You can view the full game here.
Answer by Ram Gupta, chess player:
I am a chess player, been playing this game since the age of 6. With all due respect, all of the other games already mentioned in this question are brilliant in their own regard, but none of them come even close to possessing the depth and beauty of the combination present in the game of which I am talking about. For instance, Lasker - Thomas, even though it contains a beautiful king hunt driving the king to the other side of the board, contrary to first impressions, is not very difficult to calculate for a good chess player at all since all the moves are forced.
The game I am talking about was the first ever full game my first coach showed me, and I remember it to this day. It has been analysed and praised by Kasparov in the Mega Database, which is the largest database of all chess games recorded. To quote Kasparov from the same -
"I think there is reason to nominate this game the most beautiful ever played in the history of chess."
Not many people remember Alekhine, but this game solidified him, in my opinion as one of the greatest chess players of all time. Let us not forget too that Alekhine was the only world champion in the history of chess who died holding the crown.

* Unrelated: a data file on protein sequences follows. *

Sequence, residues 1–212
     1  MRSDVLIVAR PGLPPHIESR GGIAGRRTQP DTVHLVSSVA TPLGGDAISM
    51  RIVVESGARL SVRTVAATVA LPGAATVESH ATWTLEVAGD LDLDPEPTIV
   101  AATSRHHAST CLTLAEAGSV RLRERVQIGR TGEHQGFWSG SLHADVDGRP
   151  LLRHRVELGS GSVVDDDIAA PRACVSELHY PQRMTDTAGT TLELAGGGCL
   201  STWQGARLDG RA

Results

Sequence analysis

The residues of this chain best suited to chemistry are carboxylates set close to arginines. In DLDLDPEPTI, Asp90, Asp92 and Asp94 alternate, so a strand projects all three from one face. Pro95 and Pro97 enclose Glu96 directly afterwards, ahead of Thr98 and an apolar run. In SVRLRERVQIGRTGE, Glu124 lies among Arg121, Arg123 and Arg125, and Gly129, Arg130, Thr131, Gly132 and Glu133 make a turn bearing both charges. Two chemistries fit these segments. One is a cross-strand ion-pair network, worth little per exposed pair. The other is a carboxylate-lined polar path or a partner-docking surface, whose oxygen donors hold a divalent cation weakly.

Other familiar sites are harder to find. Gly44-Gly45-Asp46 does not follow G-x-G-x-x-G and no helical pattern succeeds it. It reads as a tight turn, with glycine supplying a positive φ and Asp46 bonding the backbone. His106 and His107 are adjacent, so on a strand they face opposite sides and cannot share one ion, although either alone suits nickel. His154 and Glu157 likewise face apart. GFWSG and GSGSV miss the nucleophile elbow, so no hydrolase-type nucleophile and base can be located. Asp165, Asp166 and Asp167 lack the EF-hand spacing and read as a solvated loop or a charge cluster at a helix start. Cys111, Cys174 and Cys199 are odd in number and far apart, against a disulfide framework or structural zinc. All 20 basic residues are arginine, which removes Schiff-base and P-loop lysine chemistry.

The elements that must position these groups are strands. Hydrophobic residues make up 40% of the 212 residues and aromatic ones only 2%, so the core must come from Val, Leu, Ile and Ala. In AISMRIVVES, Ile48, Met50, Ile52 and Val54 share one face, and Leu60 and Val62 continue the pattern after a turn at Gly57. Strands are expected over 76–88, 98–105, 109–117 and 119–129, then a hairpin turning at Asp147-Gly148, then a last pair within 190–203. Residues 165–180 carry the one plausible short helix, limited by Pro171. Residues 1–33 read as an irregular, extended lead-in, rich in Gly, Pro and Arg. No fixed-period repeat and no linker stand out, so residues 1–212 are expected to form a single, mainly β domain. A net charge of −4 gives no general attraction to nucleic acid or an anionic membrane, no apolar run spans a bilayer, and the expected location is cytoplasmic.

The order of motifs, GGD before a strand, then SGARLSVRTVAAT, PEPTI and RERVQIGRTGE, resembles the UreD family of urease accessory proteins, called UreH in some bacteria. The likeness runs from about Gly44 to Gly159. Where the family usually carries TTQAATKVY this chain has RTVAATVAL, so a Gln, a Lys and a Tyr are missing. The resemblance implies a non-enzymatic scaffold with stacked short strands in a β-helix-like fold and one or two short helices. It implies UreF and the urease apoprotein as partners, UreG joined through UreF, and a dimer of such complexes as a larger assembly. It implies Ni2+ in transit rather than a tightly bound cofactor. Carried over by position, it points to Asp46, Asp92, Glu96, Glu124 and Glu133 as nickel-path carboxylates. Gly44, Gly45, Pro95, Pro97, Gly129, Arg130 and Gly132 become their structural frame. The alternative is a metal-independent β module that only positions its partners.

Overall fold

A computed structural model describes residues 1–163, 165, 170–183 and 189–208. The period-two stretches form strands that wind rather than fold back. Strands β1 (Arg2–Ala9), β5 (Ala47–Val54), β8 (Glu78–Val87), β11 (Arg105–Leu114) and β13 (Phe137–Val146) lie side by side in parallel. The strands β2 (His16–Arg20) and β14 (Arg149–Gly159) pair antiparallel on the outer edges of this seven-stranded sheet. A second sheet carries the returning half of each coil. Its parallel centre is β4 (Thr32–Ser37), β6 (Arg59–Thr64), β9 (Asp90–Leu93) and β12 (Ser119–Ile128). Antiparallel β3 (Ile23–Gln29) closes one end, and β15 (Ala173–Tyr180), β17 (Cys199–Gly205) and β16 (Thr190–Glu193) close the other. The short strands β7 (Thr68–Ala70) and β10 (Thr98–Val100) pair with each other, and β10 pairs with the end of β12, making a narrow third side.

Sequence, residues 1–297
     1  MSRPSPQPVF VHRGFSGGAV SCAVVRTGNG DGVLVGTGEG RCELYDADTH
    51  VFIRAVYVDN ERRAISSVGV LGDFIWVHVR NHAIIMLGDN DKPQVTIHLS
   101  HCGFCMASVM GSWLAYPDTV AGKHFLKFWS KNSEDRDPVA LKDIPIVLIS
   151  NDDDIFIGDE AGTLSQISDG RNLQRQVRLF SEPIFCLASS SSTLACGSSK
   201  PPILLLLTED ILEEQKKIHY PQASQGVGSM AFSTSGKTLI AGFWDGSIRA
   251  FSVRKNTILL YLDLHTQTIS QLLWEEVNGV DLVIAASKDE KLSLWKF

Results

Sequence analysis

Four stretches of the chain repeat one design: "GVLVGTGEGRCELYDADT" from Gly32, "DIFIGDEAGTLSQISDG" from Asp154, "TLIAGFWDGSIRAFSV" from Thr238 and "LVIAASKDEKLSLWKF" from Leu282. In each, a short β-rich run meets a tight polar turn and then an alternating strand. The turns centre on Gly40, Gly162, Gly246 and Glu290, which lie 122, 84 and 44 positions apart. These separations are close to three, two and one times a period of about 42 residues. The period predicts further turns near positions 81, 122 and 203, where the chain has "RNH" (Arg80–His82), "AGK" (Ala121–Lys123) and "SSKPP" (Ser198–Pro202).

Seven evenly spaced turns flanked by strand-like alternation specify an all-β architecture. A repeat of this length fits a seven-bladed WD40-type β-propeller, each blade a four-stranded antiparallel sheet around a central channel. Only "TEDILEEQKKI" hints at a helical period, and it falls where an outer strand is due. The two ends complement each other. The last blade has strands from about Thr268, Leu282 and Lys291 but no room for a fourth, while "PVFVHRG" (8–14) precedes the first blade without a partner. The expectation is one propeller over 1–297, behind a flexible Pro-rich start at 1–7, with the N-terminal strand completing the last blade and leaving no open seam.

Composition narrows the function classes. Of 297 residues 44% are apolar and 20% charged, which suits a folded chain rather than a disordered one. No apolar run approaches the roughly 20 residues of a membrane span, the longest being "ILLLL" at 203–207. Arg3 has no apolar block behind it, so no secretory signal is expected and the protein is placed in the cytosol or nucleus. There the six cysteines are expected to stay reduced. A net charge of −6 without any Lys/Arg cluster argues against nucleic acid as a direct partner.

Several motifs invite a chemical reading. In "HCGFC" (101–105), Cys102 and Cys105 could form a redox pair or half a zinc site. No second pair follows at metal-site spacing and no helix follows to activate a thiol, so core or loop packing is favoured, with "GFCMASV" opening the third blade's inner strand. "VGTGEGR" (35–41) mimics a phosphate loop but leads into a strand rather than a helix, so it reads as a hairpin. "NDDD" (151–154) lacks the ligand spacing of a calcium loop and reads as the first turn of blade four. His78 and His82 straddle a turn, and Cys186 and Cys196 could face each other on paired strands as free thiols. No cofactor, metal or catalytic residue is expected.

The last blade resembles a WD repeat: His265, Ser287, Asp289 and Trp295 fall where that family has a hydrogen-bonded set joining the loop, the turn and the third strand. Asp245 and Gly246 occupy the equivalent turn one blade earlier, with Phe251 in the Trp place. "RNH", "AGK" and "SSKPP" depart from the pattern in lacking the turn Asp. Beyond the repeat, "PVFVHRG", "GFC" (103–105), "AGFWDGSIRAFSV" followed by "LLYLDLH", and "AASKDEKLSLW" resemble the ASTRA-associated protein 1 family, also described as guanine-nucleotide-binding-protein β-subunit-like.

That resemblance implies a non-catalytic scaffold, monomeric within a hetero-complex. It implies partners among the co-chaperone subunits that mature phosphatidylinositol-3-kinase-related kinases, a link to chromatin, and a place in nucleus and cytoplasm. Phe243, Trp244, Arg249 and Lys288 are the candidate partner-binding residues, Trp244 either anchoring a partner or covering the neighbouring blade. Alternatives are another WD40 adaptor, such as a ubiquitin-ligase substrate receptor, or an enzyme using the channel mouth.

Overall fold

The combination in this game is the deepest I have seen in my whole career of more than 12 years. Here, Alekhine had to calculate 16(!) moves ahead when he pushed his rook en prise on the 26th move:
to spot the final crowning jewel of a fork on the 42nd move:
which sparked Reti's resignation. Not all the moves were forced either. An amazingly deep combination which shows the long sight which Black possessed. A good chess player will appreciate how difficult it is to carry out such a combination.
I present to you:
Reti, Richard v/s Alekhine, Alexander; Baden-Baden, 1925.
Alexander Alekhine and his Two Greatest Games (chess.com)
In-depth analysis (without diagrams unfortunately):
A. Alekhine; (Baden-Baden, 1925) re-play page. (lifemasteraj.com)
Playthrough alternate (from http://chessgames.com ):
Richard Reti vs Alexander Alekhine (1925) "Roughin' Reti" (chessgames.com)
I apologize that I couldn't find a better version of the game which is more user friendly. I do hope that you will take two minutes of your time to walk through this marvel of a game. I am sure you won't be disappointed.
More questions on Chess:
- How much do the top chess grandmasters differ from each other?
- Why are men better at chess than women at the GM level and all other levels?
- What are good books to help me teach my young child chess?